Sunday, April 23, 2006

Joe Van Holsbeeck

Brussels Journal, an excellent wide-awake European blog, notes something missing from the coverage of the mass marches in response to the death of a Belgian teen in a senseless crime:

Today, some 80,000 people participated in a silent march in Brussels to commemorate 17 year old Joe Van Holsbeeck, who was knifed on 12 April because he refused to hand over his MP3 player to two North African youths. The murder happened during the evening rush hour in a crowded Brussels central station. The murderers were filmed by security cameras, but it took a full week before the authorities released the footage. The assassins are still at large.

But the writer notes that the initial BBC report "does not mention the ethnicity of the assassins." The BBC, in a later write-thru seems to have worked the ethnic angle in, far down in the story, in a highly deflecting and politically correct way:

Fears of racial tension have been high as the killers appear from the CCTV footage to be of North African origin but his mother appealed for calm.

"Don't ask me to hate all Arabs," she said in an interview with Belgian newspaper La Derniere Heure.

"The youths that killed my son are thugs but don't generalise."

Some Muslim religious leaders in Brussels called for people to turn in the suspects if they knew them.

I went looking for this story on the Associated Press wire tonight. I found pictures, and a story, but no mention at all of the ethnicity of the killers in any of this.

This is exactly the kind of denial Bruce Bawer is talking about.

Before you misidentify me as some race-baiter who wants to go back to the old days in America when headlines said things like "Negro rapes white girl," realize that ethnicity -- the unassimilated and angry Muslim immigrant population of Belgium -- is the reason there is a mass march in Brussels today, and ethnicity is the reason that boy is dead. How much more newsworthy all this would be if the BBC and the AP had confronted that unpleasant fact? Brussels Journal shows them the way:

In fact, the initiative for the march came from Fouad Ahidar, a Moroccan-born Flemish member of the Brussels regional parliament, who said last week that many immigrants are equally worried about violent Moroccan youth gangs.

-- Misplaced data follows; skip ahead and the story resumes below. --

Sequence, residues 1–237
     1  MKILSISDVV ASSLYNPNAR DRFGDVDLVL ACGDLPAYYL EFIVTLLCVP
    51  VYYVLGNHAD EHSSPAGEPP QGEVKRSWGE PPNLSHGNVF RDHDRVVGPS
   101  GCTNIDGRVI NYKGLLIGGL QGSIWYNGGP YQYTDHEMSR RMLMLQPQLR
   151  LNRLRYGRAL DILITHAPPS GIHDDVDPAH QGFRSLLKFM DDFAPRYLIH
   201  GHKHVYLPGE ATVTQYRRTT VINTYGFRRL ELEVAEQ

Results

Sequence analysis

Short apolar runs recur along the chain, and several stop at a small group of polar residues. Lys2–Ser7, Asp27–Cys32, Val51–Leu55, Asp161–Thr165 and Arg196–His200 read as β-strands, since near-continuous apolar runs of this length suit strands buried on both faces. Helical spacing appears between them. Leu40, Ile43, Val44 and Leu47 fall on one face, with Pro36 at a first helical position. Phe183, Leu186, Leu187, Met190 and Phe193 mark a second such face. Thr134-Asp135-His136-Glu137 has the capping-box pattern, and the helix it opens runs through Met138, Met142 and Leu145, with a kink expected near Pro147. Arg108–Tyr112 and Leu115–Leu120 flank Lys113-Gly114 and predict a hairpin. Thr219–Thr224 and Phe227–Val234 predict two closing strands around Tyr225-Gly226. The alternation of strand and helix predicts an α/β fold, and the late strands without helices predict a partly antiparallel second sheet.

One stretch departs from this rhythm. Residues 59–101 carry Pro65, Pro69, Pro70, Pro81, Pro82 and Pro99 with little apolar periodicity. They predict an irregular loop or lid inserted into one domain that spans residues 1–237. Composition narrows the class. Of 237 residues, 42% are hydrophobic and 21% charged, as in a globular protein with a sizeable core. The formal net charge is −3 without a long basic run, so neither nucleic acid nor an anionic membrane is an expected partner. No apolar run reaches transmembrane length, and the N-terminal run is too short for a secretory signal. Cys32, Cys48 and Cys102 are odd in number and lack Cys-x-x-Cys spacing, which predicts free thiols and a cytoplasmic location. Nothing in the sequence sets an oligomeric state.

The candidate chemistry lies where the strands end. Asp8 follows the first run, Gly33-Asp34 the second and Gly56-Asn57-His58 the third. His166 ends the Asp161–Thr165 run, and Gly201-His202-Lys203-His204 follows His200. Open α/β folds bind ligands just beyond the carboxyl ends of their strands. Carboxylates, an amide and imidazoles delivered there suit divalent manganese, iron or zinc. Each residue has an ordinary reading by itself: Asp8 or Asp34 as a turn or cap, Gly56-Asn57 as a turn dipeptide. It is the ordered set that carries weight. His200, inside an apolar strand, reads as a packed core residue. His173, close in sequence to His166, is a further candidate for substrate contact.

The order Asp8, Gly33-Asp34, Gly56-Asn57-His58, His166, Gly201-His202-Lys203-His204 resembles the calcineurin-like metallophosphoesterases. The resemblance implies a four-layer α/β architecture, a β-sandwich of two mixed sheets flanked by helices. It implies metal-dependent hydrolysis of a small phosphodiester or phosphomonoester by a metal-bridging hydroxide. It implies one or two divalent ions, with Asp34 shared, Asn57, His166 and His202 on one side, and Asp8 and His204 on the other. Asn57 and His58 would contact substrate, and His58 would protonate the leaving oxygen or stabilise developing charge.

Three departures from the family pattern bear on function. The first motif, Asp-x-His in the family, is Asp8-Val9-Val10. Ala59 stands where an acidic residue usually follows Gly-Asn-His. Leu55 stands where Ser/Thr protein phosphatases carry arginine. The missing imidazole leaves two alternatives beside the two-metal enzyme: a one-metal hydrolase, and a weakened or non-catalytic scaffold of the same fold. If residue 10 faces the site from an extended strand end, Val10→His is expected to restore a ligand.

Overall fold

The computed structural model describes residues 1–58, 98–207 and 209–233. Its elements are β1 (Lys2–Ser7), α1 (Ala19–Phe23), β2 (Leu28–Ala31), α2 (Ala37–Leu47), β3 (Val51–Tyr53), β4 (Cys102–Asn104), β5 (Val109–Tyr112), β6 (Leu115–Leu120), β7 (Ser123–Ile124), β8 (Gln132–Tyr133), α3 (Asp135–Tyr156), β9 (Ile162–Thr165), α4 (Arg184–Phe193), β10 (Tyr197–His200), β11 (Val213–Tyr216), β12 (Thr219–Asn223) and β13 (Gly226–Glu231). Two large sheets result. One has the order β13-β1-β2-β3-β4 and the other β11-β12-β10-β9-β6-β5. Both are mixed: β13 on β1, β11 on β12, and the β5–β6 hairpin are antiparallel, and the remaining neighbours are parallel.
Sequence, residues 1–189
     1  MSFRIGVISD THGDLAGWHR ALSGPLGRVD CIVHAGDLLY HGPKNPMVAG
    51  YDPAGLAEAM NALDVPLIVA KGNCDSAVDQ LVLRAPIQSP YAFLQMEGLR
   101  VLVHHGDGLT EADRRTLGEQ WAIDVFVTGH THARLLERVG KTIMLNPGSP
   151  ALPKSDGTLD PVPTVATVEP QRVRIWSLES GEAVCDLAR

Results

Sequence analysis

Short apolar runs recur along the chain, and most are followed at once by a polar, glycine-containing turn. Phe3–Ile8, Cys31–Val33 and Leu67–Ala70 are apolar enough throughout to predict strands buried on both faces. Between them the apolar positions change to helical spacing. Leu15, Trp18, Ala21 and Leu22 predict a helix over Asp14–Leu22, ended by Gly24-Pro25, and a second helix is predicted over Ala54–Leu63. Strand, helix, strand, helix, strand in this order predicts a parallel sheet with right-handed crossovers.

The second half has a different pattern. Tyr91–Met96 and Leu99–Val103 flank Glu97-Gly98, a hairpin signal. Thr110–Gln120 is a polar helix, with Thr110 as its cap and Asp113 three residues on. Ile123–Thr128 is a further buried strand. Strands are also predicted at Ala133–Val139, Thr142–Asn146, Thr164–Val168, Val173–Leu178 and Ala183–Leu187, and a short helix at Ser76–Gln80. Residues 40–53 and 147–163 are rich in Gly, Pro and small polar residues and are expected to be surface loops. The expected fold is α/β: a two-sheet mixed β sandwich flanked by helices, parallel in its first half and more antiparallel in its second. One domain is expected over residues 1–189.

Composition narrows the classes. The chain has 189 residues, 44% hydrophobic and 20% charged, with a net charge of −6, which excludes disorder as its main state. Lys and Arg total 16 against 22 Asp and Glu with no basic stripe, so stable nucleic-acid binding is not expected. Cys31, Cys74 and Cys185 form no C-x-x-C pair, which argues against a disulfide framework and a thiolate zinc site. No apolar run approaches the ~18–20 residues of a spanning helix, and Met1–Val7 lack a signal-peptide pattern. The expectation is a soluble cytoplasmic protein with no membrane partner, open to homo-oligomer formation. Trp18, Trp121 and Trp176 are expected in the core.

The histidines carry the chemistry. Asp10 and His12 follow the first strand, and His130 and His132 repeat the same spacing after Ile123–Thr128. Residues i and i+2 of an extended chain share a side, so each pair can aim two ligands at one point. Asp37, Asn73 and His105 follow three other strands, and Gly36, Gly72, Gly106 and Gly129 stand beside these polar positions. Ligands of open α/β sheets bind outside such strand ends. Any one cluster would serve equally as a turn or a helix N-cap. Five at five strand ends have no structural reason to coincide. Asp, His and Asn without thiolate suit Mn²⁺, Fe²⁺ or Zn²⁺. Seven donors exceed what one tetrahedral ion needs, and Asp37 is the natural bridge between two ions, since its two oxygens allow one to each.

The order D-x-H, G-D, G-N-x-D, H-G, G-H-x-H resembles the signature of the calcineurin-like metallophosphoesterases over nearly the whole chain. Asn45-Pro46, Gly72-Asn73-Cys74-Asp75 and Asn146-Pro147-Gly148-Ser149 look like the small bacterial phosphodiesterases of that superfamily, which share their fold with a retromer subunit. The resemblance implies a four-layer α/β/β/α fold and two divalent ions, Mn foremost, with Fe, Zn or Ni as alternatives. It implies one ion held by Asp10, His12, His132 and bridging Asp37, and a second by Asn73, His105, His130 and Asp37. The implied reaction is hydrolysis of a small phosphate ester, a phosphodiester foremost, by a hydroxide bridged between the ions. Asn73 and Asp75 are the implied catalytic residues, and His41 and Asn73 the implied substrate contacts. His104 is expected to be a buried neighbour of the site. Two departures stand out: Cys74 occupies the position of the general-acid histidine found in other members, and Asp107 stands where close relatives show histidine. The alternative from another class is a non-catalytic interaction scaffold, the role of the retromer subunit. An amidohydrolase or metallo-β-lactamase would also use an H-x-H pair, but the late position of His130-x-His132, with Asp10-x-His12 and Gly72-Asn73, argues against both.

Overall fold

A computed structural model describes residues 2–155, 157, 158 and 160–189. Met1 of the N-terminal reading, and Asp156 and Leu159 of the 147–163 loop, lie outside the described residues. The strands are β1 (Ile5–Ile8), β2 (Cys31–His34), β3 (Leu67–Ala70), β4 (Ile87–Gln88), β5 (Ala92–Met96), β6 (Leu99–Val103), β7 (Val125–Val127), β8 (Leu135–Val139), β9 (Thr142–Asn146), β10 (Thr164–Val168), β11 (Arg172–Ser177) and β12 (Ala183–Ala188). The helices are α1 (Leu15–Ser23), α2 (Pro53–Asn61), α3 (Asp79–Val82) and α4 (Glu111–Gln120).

Ahidar, a father of five, already called for a protest march on 15 April, saying that if the victims had been immigrants and not Belgians, “or even if an immigrant just gets a few kicks from police officers, half of Brussels would be on the streets in solidarity with the victim.” According to the Moroccan-born MP, anti-Belgian racism is rife among Muslim street gangs. “This murder stinks of racism,” he said. “There is a growing group of criminal Moroccan and Turkish youths who go after victims who look like infidels. We have to fight racism in all its varieties, whether by the immigrants or the native community.” What Ahidar says is common knowledge but only he may say so. If a native Belgian makes such comments he or she risks being taken to court for racism by the authorities’ racism watchdog CEOOR, an instrument used by the government parties to silence political opponents.

UPDATE: As it turns out, the Belgian police now have arrested a Polish youth, and suspect that the other suspects are Polish, too. See here and especially here:

Jos Colpin, the spokesman of the office of the public prosecutor in Brussels, apologized because his office did officially accuse “two North Africans” on 13 April, whereupon the terminology was adopted in the Belgian press (and also by The Brussels Journal on 19 April). “We did this on the basis of witnesses’ accounts,” Colpin explained, “because almosts all statements [by witnesses] mentioned North Africans or culprits with North African features.”

So it turns out the statement above, "ethnicity is the reason that boy is dead," is wrong, based on wrong information from the Belgian authorities. But the bulk of this post, any my main concern in writing it, was the media coverage of the story in the period when the suspects had officially been identified as North Africans. That coverage was based on what was known at the time (i.e., none of the media cited made or makes any claim to have information not known to the authorities to suggest the suspect ID was wrong). It's still a worthwhile topic for comment, whatever the facts of the tragedy itself.